As December comes to a close, we are approaching the anniversary of the battle of Stones River. The most significant engagements occurred on December 31, 1862, and January 02, 1863. General Rosecrans’s Army of the Cumberland faced General Bragg’s Army of Tennessee. General Rosecrans moved south from Nashville to bring battle to Bragg near Murfreesboro.
A number of Michigan infantry regiments participated in the battle of Stones River, but this post is about the First Regiment of Michigan Engineers and Mechanics who happened to take an active role in combat on January 01, 1863, at Lavergne, Tennessee. I wrote about the Sligh family connection to this regiment in an earlier post. The First Regiment Michigan Engineers and Mechanics were organized and commanded by Colonel William Power Innes of Grand Rapids, MI.
On December 31, Bragg struck first and hard. The Confederates swept away the right wing of the Army of the Cumberland. Stout resistance and leadership from the likes of Phil Sheridan and William Hazen saved the Union from complete disaster.
With the infantry occupying his front, Rosecrans had to deal with another dilemma to his rear. Confederate cavalry had managed to harass his supply line, take prisoners, and disrupt communication with Nashville. Rosecrans sent Colonel Innes and the Michigan Engineers to protect the supply wagons at Lavergne, which was an important depot between Nashville and Murfreesboro. The Engineers were accustomed to building bridges and repairing railroads with their arms stacked nearby. They would prove their mettle in battle.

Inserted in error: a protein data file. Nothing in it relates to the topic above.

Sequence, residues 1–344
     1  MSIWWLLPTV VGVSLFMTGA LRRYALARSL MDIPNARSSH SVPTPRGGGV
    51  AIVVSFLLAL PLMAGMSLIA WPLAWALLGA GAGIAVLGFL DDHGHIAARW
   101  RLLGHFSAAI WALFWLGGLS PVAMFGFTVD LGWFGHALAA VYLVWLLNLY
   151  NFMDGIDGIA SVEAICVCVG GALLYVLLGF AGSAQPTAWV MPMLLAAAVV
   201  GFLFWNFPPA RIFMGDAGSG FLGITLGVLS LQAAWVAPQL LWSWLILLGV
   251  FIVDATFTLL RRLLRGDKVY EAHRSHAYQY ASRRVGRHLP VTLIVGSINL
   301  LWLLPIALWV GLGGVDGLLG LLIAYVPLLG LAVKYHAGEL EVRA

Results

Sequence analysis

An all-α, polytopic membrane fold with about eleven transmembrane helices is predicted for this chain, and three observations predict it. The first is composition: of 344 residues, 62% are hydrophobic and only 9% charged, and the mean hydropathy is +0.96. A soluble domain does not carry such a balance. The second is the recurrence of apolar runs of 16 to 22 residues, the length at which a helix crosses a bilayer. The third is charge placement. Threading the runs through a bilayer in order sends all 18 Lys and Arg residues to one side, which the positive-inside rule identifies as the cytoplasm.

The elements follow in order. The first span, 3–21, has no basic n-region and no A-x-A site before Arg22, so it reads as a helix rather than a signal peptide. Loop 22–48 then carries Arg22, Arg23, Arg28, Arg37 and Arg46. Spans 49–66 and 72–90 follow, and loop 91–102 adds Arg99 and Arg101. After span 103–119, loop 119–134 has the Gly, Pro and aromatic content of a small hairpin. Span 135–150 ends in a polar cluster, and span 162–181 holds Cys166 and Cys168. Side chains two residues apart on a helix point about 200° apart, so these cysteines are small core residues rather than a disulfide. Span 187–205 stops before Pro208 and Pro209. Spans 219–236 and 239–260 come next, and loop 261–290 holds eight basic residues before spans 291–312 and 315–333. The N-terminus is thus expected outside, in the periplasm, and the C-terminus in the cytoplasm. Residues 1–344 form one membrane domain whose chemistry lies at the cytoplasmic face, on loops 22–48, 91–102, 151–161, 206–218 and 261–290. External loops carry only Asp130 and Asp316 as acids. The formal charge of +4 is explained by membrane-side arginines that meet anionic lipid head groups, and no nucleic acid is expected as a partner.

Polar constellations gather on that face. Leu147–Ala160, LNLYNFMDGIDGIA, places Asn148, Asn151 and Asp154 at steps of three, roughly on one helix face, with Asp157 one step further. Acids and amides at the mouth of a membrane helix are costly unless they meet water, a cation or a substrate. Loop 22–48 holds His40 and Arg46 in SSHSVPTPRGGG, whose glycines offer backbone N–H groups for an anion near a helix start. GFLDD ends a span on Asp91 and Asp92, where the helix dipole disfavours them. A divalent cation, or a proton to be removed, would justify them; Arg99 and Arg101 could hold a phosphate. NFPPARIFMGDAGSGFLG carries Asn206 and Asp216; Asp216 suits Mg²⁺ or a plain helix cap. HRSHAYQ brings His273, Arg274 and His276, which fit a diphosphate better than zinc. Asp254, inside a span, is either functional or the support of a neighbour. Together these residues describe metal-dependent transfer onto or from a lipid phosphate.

Charles R. Sligh, son of Captain James W. Sligh, wrote about the New Year’s Day engagement at Lavergne in his book History of the Services of the First Regiment Michigan Engineers and Mechanics During the Civil War 1861-1865.
According to Sligh, Innes arranged his wagons in a half-circle and created temporary breastworks at Lavergne. Innes had only 391 men at his disposal when he was attacked by a cavalry force ten times that number. The Confederates also had two pieces of artillery. The Michigan Engineers held their position against numerous charges. In light of his superior numbers, the Confederate General Wheeler urged Innes to surrender. Colonel Innes reportedly responded by saying, “We don’t surrender much” and/or “I can’t see it, so long as my ammunition holds out.” The Confederate cavalry would eventually withdraw, leaving the Michigan Engineers to care for the dead and wounded left on the field.
In his official report, General Rosecrans praised Colonel Innes and the Michigan Engineers for their work at Lavergne.
One member of the Michigan Engineers was killed in action at Lavergne, Private John W. Coykendall of Company D. He was 29 years old. Corporal Charles Mingo and Private Mathias Reiser would later die from wounds received at Lavergne. A number of others were wounded, but the casualty list is remarkably short.
In a letter home, Captain James W. Sligh noted that about 50 rebels were killed or wounded at Lavergne. Other reports list the Confederate casualties as high as 100. In his words, the regiment spent the next day strengthening the position, dealing with dead horses and mules, and burying dead rebels.
In the days ahead, the Army of the Cumberland prevailed in battle and would fully occupy Murfreesboro. The shockingly high cost of the battle of Stones River meant that the army would camp for the winter and prepare for the spring campaign of 1863. The dreadful and expensive prize of 1863 would be Chattanooga.
In honor of the upcoming anniversary of Stones River and this particular engagement at Lavergne, I purposed to visit the grave of Colonel William Power Innes. Colonel Innes mustered out after his three year enlistment and did not see the end of the war with the regiment. He is buried in Fulton Street Cemetery just east of downtown Grand Rapids. I don’t yet know much about him, but I look forward to future research.